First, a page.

Introduction & Background
As was discussed in Chapter 3, one of the values underlying the current legislation related to legal capacity, decision-making and guardianship is avoidance of unnecessary intervention. Substitute decision-making was intended to be used as a last resort, where legal capacity is lacking and
substitute decision-making is required for a necessary decision to be made. Ontario’s current laws in this area contain a number of significant measures intended to prevent unnecessary intervention in the lives of individuals and ensure that substitute decision-making – and in particular guardianship – are used only where there are no appropriate available alternatives. However, during the LCO’s public consultations, many participants expressed concerns that substitute decision-making continues to be inappropriately or excessively employed.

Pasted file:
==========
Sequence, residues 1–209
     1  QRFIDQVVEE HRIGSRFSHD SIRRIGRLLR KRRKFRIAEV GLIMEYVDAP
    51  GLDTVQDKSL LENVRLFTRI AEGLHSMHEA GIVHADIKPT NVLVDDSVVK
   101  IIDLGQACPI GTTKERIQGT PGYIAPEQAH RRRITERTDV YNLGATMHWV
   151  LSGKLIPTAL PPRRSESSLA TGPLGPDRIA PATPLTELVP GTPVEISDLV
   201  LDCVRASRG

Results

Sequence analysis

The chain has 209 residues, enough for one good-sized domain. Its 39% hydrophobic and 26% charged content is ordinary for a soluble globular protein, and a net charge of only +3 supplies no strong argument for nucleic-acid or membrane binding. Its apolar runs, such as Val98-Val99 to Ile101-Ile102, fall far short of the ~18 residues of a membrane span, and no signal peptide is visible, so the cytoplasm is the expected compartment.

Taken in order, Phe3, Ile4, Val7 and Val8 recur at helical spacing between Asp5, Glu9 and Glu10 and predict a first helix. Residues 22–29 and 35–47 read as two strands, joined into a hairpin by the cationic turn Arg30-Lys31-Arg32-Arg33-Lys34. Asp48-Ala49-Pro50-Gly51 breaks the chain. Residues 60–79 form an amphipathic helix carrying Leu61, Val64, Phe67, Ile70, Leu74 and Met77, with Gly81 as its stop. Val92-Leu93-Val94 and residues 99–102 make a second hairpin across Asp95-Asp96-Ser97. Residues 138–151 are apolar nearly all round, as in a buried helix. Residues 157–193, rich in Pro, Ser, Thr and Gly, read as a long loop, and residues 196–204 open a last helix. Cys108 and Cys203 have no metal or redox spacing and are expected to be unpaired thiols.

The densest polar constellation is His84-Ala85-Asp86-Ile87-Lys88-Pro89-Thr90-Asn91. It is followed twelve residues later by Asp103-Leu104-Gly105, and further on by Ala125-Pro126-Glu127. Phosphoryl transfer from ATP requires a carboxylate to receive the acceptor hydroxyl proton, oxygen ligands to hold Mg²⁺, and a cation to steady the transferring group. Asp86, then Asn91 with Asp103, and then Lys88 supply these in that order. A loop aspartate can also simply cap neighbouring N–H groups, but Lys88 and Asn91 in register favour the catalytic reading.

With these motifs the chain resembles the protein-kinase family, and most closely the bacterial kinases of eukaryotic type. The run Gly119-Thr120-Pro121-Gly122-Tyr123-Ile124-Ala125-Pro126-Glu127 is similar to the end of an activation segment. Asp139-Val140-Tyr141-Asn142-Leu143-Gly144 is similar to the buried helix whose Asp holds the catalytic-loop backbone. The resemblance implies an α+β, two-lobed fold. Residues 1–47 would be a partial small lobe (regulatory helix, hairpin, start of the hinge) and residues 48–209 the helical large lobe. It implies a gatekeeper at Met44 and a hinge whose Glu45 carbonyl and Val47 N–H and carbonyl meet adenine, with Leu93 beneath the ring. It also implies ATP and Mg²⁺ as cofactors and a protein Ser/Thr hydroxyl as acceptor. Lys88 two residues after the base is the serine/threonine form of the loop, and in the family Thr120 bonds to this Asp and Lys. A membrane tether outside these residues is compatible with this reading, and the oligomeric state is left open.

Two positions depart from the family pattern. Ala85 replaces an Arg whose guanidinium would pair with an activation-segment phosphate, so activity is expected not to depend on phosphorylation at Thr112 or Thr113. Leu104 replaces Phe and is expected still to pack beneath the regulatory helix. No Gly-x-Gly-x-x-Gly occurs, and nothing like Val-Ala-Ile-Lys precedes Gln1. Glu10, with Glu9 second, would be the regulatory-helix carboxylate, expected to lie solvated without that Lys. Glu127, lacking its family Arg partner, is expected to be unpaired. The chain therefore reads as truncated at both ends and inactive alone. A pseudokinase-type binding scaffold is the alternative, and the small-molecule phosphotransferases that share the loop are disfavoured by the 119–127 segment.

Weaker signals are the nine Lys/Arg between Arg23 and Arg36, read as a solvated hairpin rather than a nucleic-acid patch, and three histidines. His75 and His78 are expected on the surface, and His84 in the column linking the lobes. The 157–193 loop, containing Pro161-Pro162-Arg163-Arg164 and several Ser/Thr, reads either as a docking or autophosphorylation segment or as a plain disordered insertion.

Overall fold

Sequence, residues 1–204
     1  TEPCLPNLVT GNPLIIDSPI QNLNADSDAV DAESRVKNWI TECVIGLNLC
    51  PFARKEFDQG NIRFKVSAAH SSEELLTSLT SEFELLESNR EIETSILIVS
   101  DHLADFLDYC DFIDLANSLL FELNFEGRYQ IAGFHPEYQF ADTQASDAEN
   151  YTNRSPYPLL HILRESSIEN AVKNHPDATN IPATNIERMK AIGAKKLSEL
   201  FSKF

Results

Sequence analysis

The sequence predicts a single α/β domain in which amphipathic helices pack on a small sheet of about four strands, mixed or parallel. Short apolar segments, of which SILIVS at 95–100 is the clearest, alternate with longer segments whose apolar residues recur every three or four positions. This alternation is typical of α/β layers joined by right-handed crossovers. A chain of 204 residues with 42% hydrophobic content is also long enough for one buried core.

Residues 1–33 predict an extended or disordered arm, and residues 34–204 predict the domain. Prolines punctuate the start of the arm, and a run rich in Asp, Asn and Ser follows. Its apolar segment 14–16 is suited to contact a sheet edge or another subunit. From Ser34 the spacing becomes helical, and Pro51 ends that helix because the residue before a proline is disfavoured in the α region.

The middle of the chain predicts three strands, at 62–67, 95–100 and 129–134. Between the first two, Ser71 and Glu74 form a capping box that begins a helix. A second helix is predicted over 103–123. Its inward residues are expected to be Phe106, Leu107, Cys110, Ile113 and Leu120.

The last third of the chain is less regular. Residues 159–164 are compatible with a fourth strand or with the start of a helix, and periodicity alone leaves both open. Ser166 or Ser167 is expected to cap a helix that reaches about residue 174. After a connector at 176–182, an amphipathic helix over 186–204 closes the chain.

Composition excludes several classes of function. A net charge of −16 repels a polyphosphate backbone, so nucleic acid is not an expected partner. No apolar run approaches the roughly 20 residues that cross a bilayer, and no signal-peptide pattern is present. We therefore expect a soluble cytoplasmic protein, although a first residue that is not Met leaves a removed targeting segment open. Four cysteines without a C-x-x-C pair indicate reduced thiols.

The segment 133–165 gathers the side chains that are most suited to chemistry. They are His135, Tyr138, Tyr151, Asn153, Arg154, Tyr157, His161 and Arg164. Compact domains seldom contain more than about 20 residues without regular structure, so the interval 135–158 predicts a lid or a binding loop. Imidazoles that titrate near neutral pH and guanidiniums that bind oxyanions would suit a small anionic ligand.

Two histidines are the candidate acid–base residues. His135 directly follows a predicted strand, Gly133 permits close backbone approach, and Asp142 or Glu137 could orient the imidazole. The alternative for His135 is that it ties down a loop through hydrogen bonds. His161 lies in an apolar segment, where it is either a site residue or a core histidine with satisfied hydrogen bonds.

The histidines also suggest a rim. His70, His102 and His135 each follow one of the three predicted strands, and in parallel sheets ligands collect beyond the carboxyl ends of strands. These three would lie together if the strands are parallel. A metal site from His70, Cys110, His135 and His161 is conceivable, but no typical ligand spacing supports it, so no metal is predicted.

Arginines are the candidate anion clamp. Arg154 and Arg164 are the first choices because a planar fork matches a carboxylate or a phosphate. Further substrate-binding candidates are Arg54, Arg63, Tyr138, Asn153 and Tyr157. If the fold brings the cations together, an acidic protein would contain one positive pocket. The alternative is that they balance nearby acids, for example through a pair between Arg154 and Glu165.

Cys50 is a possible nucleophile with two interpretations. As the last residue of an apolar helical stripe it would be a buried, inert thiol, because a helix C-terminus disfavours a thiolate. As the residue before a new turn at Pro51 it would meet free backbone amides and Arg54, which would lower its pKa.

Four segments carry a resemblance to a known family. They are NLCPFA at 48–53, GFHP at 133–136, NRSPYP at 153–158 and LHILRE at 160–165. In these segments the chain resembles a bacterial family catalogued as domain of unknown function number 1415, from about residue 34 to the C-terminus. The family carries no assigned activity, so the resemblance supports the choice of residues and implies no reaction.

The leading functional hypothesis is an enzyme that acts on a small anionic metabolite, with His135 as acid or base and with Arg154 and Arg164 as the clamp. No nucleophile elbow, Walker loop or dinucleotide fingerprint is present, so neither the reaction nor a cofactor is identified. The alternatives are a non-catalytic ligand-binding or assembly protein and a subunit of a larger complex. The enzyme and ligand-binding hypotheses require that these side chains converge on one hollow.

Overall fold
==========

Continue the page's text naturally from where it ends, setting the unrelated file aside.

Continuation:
Chapter 5, which considers assessments of capacity, addresses concerns with how substitute decision-making is triggered under the Health Care Consent Act, 1996 (HCCA) through various assessments of legal capacity.
During the consultations in this project, the most serious concerns about inappropriate intervention were expressed about guardianship, since it is more restrictive than a power of attorney (POA), is the least flexible in terms of entry and exit, does not provide the opportunity for the individual to select the substitute decision-maker (SDM) or to formally express wishes as is possible with POAs, and is generally experienced as more marginalizing. As well, because powers of attorney are personal rather than public appointments, many of the issues related to their misuse arise in connection either with faulty approaches to assessing capacity (and thereby improper activation of these documents) or with misuse by the SDM. Therefore, this Chapter focusses on the appointment of guardians.
Issues related to misuse of powers of attorney are dealt with in Chapter 6 of this Report.